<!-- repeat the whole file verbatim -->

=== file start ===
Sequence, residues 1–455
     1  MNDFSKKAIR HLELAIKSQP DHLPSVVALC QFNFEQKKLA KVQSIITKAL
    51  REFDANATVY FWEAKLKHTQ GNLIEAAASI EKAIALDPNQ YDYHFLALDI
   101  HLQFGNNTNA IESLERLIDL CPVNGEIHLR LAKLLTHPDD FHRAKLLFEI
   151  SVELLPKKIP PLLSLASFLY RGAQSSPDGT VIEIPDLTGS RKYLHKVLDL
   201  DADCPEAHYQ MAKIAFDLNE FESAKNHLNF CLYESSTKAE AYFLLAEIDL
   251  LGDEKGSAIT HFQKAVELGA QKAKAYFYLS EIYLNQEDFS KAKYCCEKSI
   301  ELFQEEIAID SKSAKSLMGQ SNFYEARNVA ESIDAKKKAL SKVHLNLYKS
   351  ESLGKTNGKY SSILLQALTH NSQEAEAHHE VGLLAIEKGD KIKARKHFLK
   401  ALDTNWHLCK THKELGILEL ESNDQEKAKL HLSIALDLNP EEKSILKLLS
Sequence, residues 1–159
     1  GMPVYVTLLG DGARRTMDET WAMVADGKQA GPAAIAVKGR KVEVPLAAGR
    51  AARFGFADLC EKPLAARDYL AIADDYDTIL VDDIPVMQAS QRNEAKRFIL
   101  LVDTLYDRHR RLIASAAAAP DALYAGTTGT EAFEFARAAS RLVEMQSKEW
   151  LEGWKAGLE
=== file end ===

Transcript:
Sequence, residues 1–455
     1  MNDFSKKAIR HLELAIKSQP DHLPSVVALC QFNFEQKKLA KVQSIITKAL
    51  REFDANATVY FWEAKLKHTQ GNLIEAAASI EKAIALDPNQ YDYHFLALDI
   101  HLQFGNNTNA IESLERLIDL CPVNGEIHLR LAKLLTHPDD FHRAKLLFEI
   151  SVELLPKKIP PLLSLASFLY RGAQSSPDGT VIEIPDLTGS RKYLHKVLDL
   201  DADCPEAHYQ MAKIAFDLNE FESAKNHLNF CLYESSTKAE AYFLLAEIDL
   251  LGDEKGSAIT HFQKAVELGA QKAKAYFYLS EIYLNQEDFS KAKYCCEKSI
   301  ELFQEEIAID SKSAKSLMGQ SNFYEARNVA ESIDAKKKAL SKVHLNLYKS
   351  ESLGKTNGKY SSILLQALTH NSQEAEAHHE VGLLAIEKGD KIKARKHFLK
   401  ALDTNWHLCK THKELGILEL ESNDQEKAKL HLSIALDLNP EEKSILKLLS
Sequence, residues 1–159
     1  GMPVYVTLLG DGARRTMDET WAMVADGKQA GPAAIAVKGR KVEVPLAAGR
    51  AARFGFADLC EKPLAARDYL AIADDYDTIL VDDIPVMQAS QRNEAKRFIL
   101  LVDTLYDRHR RLIASAAAAP DALYAGTTGT EAFEFARAAS RLVEMQSKEW
   151  LEGWKAGLE